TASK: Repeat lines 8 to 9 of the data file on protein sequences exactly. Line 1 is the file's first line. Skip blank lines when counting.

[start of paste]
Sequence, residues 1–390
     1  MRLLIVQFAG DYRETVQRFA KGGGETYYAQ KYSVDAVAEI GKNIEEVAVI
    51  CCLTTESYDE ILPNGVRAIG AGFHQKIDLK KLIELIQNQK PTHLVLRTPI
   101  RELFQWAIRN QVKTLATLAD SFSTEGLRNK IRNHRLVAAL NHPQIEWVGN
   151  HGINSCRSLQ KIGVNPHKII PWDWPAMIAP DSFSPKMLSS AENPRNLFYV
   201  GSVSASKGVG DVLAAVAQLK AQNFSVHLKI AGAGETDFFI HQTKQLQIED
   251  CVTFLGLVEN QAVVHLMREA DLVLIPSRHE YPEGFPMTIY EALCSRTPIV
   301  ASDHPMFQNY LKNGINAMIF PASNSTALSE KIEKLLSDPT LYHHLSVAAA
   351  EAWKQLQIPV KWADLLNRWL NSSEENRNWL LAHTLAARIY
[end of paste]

   301  ASDHPMFQNY LKNGINAMIF PASNSTALSE KIEKLLSDPT LYHHLSVAAA
   351  EAWKQLQIPV KWADLLNRWL NSSEENRNWL LAHTLAARIY